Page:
“A book should be either a bandit or a rebel or a man in the crowd.”
It was time to divide your things.
My arms stayed pinned to my sides
like tired doves, toes stayed curled
around a branch split
by razor lightning bolts.
I tottered and I lost my grip.
Mother launched her surly arrows,
lodged them in whatever flesh
crossed her borders of pain.
Striking out at rings around a toilet seat
as if they were death itself
taking a piss in a messy arch.
I understood the ache to clean,
her answer to leaping ahead,
strides beyond this sad reverse,
where prayers were linen packed with snot.
Scrub the awning of this hell,
paint over the fork of this flame.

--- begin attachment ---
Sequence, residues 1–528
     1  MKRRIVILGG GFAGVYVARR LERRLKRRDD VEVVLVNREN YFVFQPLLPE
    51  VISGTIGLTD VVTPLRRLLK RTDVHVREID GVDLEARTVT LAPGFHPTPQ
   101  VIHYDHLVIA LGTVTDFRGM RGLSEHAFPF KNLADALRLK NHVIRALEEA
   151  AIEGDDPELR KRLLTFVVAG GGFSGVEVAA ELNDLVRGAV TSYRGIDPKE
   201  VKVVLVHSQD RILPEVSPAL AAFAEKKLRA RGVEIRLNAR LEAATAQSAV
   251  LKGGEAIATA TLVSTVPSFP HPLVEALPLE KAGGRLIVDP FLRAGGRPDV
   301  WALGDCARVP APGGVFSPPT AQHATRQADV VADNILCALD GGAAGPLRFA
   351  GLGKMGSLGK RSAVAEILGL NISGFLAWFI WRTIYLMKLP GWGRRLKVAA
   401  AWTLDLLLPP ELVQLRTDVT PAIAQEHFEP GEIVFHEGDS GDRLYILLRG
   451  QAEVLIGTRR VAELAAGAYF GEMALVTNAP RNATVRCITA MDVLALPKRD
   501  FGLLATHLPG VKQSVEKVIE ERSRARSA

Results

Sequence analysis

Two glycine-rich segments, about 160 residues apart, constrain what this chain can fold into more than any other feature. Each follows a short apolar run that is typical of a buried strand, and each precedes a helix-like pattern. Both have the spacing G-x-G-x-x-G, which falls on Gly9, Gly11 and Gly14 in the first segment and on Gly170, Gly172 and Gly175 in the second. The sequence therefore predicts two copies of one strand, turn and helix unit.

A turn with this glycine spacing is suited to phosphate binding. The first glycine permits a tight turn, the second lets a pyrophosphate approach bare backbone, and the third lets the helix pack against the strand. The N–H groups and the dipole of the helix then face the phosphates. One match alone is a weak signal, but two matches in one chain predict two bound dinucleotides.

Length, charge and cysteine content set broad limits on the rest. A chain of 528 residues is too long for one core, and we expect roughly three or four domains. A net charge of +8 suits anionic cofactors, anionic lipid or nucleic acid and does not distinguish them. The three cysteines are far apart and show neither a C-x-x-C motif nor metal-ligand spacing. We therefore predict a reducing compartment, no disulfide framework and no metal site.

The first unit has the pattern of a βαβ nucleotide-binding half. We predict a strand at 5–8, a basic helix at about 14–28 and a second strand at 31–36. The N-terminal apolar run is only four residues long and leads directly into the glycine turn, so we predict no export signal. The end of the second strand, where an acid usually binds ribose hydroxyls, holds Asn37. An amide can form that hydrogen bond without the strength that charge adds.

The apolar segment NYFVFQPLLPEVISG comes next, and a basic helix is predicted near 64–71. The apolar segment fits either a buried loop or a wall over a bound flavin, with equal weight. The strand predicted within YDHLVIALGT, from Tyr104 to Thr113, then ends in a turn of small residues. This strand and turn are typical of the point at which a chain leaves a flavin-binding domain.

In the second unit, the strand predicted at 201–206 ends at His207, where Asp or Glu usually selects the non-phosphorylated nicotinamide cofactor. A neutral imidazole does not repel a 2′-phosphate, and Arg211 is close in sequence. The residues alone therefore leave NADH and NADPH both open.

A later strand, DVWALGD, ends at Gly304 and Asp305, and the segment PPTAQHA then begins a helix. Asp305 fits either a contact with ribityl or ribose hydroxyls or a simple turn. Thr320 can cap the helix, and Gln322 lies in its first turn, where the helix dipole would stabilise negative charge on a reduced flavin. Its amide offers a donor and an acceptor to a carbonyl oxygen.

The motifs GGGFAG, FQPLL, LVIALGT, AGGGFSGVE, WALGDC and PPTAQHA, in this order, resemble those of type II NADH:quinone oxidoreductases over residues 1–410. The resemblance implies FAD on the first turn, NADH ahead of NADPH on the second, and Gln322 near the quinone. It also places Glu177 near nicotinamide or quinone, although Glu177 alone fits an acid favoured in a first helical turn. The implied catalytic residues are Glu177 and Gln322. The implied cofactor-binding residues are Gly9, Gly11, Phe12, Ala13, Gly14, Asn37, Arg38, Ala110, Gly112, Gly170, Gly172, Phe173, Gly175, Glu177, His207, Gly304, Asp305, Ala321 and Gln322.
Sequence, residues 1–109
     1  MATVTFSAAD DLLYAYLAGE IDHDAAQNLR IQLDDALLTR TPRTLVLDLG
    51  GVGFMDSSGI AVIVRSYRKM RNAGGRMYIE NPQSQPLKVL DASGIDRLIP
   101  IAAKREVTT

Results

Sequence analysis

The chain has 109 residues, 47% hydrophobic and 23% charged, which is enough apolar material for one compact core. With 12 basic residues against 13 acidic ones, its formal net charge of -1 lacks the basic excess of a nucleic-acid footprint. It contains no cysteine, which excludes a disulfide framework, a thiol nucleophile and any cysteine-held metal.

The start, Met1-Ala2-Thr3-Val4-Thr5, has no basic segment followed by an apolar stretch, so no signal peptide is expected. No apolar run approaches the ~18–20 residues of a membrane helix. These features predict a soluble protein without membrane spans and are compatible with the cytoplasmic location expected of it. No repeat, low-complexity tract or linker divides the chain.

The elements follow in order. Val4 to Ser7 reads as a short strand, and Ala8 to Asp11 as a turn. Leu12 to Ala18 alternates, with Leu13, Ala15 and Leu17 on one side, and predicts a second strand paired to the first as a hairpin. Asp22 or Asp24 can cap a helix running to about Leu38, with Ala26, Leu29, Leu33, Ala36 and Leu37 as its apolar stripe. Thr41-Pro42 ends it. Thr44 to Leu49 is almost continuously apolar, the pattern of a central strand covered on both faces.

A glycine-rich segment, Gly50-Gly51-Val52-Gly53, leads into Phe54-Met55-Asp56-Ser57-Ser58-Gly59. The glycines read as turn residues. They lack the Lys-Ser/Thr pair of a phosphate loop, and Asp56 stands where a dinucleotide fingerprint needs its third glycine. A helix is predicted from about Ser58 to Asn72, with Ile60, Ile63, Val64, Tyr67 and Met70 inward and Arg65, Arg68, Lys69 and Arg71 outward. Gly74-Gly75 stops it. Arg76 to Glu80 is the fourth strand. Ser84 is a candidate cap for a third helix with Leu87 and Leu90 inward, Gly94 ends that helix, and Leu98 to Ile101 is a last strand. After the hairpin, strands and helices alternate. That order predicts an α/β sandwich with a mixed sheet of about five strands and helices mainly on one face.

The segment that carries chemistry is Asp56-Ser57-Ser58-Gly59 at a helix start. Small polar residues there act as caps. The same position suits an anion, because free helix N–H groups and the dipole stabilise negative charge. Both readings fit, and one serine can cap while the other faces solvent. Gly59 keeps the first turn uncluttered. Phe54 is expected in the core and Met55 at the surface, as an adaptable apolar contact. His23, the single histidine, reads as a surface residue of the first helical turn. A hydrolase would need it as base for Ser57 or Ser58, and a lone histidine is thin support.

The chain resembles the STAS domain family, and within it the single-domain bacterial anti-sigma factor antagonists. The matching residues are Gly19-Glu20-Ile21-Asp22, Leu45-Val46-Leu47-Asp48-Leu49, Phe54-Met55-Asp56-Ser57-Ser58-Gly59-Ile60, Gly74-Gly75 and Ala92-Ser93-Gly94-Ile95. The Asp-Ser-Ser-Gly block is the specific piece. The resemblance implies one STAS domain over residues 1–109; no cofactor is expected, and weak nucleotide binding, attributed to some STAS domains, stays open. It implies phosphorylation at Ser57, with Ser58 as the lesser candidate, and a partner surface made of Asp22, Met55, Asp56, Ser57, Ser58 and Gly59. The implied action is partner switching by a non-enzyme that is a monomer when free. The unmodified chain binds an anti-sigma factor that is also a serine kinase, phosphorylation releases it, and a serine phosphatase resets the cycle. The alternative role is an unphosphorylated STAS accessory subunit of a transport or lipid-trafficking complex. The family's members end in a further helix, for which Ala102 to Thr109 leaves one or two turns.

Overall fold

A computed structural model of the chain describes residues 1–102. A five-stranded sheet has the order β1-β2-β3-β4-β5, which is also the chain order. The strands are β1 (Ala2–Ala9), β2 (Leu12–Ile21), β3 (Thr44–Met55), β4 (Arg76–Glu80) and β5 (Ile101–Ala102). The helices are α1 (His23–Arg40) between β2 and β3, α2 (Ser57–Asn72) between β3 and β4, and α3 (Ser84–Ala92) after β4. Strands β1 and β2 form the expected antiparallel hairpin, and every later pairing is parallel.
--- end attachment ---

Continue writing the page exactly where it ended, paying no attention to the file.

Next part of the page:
I loved the wealth of dust on shelves.
Your soul resided in those books.
Binding smelled of glue you were
when winds took off with a dream,
when nightmares called for gathered ash,
some sort of urn and elegance.
Leather wraps you sewed for words
made me wish to dance with thought.
Ways you read a fingerprint upon a glass
as if the oil were part of some eternal well.
These were all my cats to pet
when logs on fires became gray coal.
I read the marginalia —
your fingers scribbled little clues.
“Dickinson’s obsessed with flies”
and “Frost won’t let a season go.”
I loved the ease with which you sang
your operas over trivia.
by Janet I. Buck